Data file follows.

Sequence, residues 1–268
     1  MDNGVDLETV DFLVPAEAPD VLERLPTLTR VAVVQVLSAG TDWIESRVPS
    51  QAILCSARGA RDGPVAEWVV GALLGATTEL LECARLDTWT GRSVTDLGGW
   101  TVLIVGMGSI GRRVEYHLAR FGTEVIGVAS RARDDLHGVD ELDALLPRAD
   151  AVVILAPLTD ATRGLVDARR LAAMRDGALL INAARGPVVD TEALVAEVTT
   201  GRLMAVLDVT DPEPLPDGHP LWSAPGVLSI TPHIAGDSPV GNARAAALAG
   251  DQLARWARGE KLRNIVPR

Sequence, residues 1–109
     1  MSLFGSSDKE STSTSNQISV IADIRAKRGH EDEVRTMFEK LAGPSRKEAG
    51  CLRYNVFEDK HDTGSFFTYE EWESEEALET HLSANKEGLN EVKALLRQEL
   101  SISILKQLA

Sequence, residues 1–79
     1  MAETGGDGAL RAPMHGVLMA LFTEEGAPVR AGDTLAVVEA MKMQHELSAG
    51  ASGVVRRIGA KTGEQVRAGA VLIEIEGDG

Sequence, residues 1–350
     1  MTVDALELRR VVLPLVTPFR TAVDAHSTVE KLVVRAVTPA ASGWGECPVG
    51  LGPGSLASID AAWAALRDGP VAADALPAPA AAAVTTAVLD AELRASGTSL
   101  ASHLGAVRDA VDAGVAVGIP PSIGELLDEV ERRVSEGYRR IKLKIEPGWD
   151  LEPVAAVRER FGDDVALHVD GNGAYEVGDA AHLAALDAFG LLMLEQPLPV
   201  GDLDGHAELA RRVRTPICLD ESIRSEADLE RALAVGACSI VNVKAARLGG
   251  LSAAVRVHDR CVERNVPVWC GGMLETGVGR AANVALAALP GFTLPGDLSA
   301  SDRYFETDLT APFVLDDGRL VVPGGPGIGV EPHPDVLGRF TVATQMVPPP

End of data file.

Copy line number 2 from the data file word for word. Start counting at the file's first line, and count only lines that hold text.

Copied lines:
     1  MDNGVDLETV DFLVPAEAPD VLERLPTLTR VAVVQVLSAG TDWIESRVPS